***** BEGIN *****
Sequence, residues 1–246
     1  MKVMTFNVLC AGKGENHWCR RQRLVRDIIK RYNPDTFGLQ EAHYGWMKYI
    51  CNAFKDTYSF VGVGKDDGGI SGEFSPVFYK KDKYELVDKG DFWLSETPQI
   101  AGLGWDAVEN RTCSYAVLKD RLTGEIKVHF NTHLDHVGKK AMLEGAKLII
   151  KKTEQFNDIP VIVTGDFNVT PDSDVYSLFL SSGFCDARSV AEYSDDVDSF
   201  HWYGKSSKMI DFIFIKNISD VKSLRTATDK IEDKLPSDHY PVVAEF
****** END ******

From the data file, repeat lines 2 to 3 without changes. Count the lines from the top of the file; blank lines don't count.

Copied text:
     1  MKVMTFNVLC AGKGENHWCR RQRLVRDIIK RYNPDTFGLQ EAHYGWMKYI
    51  CNAFKDTYSF VGVGKDDGGI SGEFSPVFYK KDKYELVDKG DFWLSETPQI